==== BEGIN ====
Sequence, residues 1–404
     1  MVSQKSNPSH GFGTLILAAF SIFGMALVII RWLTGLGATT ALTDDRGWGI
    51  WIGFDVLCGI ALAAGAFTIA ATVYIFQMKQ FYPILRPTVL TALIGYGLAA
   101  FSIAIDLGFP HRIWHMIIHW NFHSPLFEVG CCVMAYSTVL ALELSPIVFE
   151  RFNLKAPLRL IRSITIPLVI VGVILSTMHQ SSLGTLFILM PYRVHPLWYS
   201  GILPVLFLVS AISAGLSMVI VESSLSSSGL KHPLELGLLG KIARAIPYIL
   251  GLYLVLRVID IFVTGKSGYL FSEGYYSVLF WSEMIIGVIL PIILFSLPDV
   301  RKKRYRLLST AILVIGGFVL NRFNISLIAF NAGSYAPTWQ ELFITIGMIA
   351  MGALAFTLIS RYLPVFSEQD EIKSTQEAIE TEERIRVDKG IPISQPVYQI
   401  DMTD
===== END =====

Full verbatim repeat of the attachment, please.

Sequence, residues 1–404
     1  MVSQKSNPSH GFGTLILAAF SIFGMALVII RWLTGLGATT ALTDDRGWGI
    51  WIGFDVLCGI ALAAGAFTIA ATVYIFQMKQ FYPILRPTVL TALIGYGLAA
   101  FSIAIDLGFP HRIWHMIIHW NFHSPLFEVG CCVMAYSTVL ALELSPIVFE
   151  RFNLKAPLRL IRSITIPLVI VGVILSTMHQ SSLGTLFILM PYRVHPLWYS
   201  GILPVLFLVS AISAGLSMVI VESSLSSSGL KHPLELGLLG KIARAIPYIL
   251  GLYLVLRVID IFVTGKSGYL FSEGYYSVLF WSEMIIGVIL PIILFSLPDV
   301  RKKRYRLLST AILVIGGFVL NRFNISLIAF NAGSYAPTWQ ELFITIGMIA
   351  MGALAFTLIS RYLPVFSEQD EIKSTQEAIE TEERIRVDKG IPISQPVYQI
   401  DMTD